It may not be something that we often think about, but checking natural disaster risks and warnings before moving to a new property (whether renting or purchasing) can save a few headaches later down the track. For example, those living in areas known for particularly bad storms would be wise to refrain from keeping lightweight furniture in the backyard. The same could be said for a place prone to flooding in the wet season.
Despite this, over 60% of Australians have admitted to not checking the natural disaster warnings and risks before moving into their current place of residence. And while Americans were the most likely to say that they have lived through a natural disaster across the three countries, only 36% of them were likely to check that their property is not at risk of a natural disaster. Canadians may be the worst offenders, with more than 65% of respondents letting us know that they were yet to check for natural disaster risks for their homes.
Unsurprisingly, given that the younger cohorts are more likely to say that they have lived through a natural disaster, people aged 18-24 in the US (45%) and 25-24 in Canada (48.1%) were the most likely to check their homes for any disaster risk. On the other hand, in Australia, people aged 45-54 are the most likely to check for risks (51.1%), while those aged 55-64 were the least likely (in both Australia and Canada) to check for any warnings.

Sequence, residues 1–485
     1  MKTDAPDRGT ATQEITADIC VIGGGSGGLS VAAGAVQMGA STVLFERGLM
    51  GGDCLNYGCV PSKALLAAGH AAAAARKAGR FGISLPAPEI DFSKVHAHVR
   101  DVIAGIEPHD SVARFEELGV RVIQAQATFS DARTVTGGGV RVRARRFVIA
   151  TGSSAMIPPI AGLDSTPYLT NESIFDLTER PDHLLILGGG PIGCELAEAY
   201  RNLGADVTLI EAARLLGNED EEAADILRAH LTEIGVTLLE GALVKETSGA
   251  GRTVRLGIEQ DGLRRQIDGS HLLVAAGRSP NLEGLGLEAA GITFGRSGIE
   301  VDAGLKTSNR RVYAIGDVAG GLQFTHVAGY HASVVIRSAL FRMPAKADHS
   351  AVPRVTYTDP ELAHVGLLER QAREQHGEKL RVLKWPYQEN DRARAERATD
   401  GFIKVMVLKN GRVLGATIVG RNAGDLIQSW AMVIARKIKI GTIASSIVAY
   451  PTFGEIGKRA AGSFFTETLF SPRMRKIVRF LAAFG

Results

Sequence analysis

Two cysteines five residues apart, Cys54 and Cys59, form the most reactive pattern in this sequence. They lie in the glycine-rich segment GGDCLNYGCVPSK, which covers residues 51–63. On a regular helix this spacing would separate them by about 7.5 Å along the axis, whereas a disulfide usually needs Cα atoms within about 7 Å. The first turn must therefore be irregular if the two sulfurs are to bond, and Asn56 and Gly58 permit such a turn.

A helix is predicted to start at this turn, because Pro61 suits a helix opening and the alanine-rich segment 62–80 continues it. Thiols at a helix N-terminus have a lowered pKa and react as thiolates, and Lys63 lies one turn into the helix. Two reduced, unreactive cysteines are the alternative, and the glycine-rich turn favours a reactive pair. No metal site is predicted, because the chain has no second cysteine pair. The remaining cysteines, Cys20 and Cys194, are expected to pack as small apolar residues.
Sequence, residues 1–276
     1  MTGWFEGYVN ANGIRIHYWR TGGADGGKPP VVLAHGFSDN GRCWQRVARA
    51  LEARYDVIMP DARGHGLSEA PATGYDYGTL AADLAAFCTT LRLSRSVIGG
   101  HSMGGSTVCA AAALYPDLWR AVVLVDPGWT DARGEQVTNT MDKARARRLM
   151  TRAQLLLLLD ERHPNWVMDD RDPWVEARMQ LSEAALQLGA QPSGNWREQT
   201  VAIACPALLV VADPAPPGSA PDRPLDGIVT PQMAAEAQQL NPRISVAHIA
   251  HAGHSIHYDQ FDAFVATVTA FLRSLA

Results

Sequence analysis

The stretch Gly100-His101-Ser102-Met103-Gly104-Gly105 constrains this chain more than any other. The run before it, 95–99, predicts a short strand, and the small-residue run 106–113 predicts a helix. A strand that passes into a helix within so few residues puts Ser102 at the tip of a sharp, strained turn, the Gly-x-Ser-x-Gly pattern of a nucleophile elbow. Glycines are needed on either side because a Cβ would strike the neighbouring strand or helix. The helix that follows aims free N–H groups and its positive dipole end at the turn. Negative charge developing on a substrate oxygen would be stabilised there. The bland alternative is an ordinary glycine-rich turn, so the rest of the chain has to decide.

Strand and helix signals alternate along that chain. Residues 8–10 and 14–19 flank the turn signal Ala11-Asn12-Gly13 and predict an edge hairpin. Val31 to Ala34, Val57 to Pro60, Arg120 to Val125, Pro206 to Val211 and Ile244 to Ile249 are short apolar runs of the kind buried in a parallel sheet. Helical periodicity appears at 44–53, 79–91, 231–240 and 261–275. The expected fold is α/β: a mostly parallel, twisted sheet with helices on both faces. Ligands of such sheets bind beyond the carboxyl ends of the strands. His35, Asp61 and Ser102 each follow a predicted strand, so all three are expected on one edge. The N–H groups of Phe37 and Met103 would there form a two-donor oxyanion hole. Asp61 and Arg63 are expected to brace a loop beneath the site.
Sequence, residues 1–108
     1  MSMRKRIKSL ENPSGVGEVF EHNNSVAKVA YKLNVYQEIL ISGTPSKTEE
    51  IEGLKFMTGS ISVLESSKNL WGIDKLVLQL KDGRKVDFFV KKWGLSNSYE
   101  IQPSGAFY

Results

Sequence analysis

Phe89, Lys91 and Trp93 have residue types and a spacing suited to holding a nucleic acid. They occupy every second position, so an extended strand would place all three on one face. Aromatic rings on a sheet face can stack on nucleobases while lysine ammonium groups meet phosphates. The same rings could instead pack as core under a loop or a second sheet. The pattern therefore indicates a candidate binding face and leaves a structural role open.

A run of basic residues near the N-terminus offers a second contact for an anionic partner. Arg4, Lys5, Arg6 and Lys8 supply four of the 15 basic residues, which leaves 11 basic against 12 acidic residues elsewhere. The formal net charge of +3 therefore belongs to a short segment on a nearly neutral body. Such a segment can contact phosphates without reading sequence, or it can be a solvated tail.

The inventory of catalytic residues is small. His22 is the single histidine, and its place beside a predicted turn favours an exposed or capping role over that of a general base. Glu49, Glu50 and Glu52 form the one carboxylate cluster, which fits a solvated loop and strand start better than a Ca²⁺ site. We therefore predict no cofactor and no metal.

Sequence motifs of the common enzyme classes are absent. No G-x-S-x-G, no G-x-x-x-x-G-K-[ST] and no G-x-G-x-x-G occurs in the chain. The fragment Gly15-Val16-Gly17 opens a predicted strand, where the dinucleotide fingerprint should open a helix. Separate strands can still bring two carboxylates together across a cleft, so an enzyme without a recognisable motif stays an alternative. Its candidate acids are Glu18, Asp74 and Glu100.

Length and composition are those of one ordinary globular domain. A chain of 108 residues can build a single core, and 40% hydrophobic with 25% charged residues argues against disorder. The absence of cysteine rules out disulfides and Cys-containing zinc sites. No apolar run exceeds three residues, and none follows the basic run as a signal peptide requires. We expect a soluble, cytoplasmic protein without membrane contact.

Another way that people might be able to protect themselves and their households from natural disasters is through insurance. We asked our respondents how many of them ever received a quote for home and contents insurance to see if people were more open to having financial protection rather than physical protection.
We found that people on average were more likely to have considered financial protection for their belongings (53.5%) compared to having some sort of emergency kit ready at home (49.5%)